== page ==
New Apps for Renters Aim to Turn the Heat on Lax Landlords

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AOLIn New York, landlords are required to heat buildings to at least 68 degrees Fahrenheit when daytime temperatures fall below 55 outside.
By Sebastien Malo

NEW YORK -- When Tom Hunter and his two roommates were left without heat for more than a month by a negligent landlord in New York, they began toying with an idea: an app that could help renters keep landlords in check. Two winters and two months of coding later, the friends are ready to launch Heat Seek NYC in late October in collaboration with two not-for-profit groups.

The new Web app, which tracks ambient temperatures inside apartments with an Internet-connected sensor, is designed to be used by New Yorker renters, who filed some 214,000 complaints last year alone, according to the city's Department of Housing Preservation and Development. The data recorded on the app produces a log that can be printed and taken to housing court.

"Our goal is to keep the heat on this winter," Hunter said.

Heat Seek NYC is among a growing number of tech-based tools for tenants and their advocates to force slack landlords to toe the line. Another is SquaredAway Chicago, a Web app designed to bolster tenant requests for repairs by recording them on a third-party server. The program is being replicated by local housing groups in Vermont, Boston and Washington, D.C.

Also in the works is RentRocket, a website that uses crowd-sourced data to show the full cost of rental properties, including utility fees. It is expected to debut in at least 10 U.S. cities from Bloomington, Indiana, to Burlington, Vermont.

Finally, under development in Los Angeles is an app called Tenants in Action, which will report housing violations in English and Spanish directly to city agencies.

With renters constituting up to 35 percent of households nationwide in early 2013, according to a report by Harvard University's Joint Center for Housing Studies, there should be no shortage of complaints in sight.

The new apps are part of a trend by not-for-profits toward making new technologies available to benefit a wider audience, said Annemarie Spitz of the Chicago-based firm Greater Good Studio, which uses design methods to solve civic issues.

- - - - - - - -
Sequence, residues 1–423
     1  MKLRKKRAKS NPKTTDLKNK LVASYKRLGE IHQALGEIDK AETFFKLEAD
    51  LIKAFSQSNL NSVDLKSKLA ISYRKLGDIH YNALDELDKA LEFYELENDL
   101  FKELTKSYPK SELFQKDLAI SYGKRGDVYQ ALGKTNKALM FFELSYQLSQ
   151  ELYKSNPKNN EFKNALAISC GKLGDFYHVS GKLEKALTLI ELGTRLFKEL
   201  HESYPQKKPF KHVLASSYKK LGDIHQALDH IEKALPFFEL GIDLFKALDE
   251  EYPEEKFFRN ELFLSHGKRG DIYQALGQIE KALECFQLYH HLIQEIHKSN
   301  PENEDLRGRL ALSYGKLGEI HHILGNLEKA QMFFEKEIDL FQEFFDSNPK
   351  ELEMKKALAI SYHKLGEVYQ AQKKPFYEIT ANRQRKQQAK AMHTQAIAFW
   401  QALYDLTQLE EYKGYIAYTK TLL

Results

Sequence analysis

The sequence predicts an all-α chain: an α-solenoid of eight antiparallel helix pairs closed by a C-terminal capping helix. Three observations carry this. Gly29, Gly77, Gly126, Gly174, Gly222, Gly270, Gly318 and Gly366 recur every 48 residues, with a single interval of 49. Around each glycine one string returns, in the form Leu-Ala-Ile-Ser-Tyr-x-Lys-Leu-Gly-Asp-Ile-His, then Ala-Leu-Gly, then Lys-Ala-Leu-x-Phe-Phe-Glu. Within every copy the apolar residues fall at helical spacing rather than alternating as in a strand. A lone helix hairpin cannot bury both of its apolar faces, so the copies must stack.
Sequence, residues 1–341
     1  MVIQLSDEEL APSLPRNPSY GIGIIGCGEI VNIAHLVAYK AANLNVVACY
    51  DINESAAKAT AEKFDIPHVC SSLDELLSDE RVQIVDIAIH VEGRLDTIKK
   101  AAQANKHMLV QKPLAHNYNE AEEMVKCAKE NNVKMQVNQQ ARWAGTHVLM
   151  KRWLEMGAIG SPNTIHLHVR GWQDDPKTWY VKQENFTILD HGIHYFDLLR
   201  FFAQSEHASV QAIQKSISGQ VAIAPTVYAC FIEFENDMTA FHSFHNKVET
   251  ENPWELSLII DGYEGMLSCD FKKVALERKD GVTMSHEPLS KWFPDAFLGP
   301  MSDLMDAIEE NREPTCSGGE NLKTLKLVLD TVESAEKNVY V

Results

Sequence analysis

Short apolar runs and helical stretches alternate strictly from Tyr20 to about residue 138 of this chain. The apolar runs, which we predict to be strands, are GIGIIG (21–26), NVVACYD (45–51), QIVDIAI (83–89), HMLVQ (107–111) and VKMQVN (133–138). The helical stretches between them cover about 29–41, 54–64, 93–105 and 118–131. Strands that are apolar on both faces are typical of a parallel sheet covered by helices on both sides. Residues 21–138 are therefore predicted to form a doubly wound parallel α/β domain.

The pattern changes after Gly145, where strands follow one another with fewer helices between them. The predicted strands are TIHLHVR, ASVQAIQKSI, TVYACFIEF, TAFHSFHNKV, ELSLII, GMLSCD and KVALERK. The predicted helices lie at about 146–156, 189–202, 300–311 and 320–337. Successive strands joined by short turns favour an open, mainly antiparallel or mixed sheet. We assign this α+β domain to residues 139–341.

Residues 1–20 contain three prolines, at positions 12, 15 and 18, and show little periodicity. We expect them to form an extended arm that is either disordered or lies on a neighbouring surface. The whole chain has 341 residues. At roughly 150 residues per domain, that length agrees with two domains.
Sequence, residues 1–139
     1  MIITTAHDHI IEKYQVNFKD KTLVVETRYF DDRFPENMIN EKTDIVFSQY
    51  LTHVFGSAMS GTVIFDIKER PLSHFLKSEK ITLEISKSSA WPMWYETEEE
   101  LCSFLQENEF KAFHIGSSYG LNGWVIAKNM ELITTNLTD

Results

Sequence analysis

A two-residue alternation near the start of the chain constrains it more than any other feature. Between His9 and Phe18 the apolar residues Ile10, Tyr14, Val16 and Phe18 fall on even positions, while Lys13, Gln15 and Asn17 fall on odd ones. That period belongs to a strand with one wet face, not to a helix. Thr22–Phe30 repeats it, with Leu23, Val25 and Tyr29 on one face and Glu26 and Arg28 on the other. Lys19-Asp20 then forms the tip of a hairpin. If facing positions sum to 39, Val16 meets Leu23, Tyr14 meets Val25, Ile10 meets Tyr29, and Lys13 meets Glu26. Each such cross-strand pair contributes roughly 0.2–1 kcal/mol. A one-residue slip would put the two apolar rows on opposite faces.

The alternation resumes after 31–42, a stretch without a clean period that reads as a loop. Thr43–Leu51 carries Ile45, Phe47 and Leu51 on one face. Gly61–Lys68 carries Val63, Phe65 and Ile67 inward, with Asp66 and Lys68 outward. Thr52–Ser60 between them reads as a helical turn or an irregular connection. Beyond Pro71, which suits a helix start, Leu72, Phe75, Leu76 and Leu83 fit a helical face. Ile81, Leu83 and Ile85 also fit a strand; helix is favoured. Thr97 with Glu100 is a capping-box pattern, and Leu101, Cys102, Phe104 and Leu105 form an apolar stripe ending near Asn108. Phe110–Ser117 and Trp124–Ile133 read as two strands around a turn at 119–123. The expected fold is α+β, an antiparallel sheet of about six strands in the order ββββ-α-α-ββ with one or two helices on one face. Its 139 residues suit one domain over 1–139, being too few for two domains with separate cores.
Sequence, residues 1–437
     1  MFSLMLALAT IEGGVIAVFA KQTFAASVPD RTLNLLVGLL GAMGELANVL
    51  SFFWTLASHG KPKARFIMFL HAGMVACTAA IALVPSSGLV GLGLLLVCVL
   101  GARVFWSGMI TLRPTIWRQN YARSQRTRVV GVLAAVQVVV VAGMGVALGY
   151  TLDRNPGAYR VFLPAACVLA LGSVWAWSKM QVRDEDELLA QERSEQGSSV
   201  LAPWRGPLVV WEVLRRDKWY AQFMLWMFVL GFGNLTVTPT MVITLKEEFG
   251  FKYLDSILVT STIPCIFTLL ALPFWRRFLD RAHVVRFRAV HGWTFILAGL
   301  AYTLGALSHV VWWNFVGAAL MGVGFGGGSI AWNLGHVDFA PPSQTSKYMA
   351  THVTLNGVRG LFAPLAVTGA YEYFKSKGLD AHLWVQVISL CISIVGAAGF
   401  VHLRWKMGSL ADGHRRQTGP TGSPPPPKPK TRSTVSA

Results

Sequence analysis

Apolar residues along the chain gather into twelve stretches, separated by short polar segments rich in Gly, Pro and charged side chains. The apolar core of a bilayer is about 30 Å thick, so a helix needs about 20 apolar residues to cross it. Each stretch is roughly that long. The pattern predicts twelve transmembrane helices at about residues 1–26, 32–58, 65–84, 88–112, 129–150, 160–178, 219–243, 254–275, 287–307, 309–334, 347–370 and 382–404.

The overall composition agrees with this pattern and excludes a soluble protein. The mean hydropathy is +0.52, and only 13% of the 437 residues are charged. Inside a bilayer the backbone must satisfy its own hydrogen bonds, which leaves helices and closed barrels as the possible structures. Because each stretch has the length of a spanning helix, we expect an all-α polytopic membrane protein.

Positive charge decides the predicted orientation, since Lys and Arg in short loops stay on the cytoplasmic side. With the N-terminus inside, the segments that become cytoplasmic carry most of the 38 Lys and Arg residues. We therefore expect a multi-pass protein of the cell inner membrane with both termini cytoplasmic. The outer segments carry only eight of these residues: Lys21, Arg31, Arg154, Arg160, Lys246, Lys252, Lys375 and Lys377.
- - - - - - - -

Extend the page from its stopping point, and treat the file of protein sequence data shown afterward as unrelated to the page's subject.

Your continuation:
In the end, the high-tech apps will do something as low-tech but essential as establishing a paper trail, albeit electronic, said John Bartlett, director of Metropolitan Tenants Organization, which worked with Spitz to build SquaredAway Chicago.

"One of the issues that we continually come up against with tenants is that everything is verbal, so there's no way to properly document what's happened," Bartlett said.

"Rental housing is a business transaction, and proper business etiquette is you put things in writing," he said.

Between October 2013 and May 2014, New York City completed about $5.1 million in emergency repairs when building owners failed to restore heat, hot water or both after being served with violation notices, according to the housing department.

Heat Seek NYC requires the installation of a temperature sensor inside an apartment. The tenant then uses a free app to compare the sensor data against outdoor temperatures and indoor requirements set by the New York City heating code to identify violations as they occur.

In New York, landlords are required to heat buildings to at least 68 degrees Fahrenheit when daytime temperatures fall below 55 degrees outside. At night, the inside temperature must be at least 55 degrees Fahrenheit" when it is 40 degrees or less outside.

Pricing plans for the sensor are still in the works, although the cost is expected to range from $30 to $80.

Heat Seek NYC plans to donate 100 sensors to low-income households this year and to give away another 1,000 after an online fundraising campaign.
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